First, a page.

My advice to the Catholic church: stop feeding the bear.  If your employees are so far gone that you cannot let them near birth control without their snapping it up like candy, then you have already lost the battle for their minds (and souls).  You need to convince their hearts, and then you can give them absolute freedom without fearing that they will use it against the Catholic truth that you all stand for.  Governments can and will force people to do things.  But here, all they are forcing us to do is leave the door open to a choice, a choice that nobody has to make: who is forcing women to use birth control?  Nobody.  If they want it, your friendly federal government thinks that they should have it.  But they don't have to want it (and businesses don't have to supply it merely because someone gives them some money: they do this because they have faith in your friendly federal government, faith that they may not keep if that government cannot find a way to stabilize its currency).  Ignore the government; let it crash and burn (or right itself and walk away).  Don't waste time fighting with it.  The Confederate States of America already tried that: it ended badly (for everyone).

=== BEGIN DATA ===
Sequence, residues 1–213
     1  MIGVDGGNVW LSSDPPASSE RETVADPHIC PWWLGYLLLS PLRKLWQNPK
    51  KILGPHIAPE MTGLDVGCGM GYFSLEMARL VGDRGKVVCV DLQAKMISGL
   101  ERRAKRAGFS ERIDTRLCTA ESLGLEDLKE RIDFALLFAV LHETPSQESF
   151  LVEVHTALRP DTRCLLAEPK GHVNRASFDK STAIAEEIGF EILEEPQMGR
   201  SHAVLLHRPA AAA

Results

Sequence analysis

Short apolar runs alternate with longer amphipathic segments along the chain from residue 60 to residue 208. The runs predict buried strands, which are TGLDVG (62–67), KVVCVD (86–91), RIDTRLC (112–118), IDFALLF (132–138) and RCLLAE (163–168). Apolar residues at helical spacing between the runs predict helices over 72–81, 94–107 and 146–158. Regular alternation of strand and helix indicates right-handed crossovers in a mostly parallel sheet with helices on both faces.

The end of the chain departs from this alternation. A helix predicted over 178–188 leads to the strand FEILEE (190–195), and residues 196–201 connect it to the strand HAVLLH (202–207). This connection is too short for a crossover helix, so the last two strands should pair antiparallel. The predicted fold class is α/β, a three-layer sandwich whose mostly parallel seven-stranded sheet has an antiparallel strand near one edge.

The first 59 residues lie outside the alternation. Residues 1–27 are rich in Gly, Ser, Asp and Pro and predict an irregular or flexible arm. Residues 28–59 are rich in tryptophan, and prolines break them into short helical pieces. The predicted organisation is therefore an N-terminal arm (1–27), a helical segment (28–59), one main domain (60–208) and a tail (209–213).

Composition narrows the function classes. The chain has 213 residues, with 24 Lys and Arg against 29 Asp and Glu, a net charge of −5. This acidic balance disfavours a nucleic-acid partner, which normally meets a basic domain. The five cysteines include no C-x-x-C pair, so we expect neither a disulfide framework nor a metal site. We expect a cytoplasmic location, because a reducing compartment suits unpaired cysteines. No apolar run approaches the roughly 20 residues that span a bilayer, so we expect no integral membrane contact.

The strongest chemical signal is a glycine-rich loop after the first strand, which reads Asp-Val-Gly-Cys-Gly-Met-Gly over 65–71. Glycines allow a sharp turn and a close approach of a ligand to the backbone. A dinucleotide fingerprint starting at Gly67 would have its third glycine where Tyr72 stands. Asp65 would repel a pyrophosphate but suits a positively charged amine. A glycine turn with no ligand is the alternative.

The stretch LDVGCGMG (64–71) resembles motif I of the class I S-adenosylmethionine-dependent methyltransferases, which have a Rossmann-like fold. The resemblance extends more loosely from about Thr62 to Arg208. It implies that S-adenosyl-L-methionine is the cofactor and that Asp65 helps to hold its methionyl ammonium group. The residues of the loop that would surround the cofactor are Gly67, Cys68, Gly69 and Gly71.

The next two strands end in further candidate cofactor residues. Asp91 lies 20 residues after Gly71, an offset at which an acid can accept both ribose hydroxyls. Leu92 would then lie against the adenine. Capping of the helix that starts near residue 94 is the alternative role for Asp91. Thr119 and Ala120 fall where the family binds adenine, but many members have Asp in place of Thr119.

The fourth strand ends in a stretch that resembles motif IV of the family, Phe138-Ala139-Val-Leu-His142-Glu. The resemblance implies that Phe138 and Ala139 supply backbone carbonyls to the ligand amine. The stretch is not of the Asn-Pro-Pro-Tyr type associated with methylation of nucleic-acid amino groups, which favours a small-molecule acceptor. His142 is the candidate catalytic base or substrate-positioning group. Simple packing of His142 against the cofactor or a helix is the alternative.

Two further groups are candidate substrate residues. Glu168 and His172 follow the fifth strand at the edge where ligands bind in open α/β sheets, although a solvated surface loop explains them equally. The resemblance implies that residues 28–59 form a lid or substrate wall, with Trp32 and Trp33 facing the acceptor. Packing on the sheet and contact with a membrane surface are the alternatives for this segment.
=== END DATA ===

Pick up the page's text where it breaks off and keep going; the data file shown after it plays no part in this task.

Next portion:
The essence of faith lies not in what choices you allow others, but in the choices you make yourself.  Do you choose to be a dictator, fighting force with force?  Do you choose to spend your life fighting?  Those who live by the sword often die by it.  Sometimes, in the process, they ruin the dream they are trying to defend.  The greatest faith needs no defense: it exists outside of rights and laws, relying only on God (or whatever is out there) for its justification, and expecting nothing from others.  Great martyrs are witnesses to truths that they cannot deny: they don't get mad when others cannot see their truths.  They don't force others to see.  They don't pass laws forcing people to pretend that they see.  They just tell us what they have seen, and then let the cards fall where they may (without bitching or expecting more than reality promises, which is usually nothing).  That is real faith.  That is real "leadership" (though I hate that word).  That is real freedom.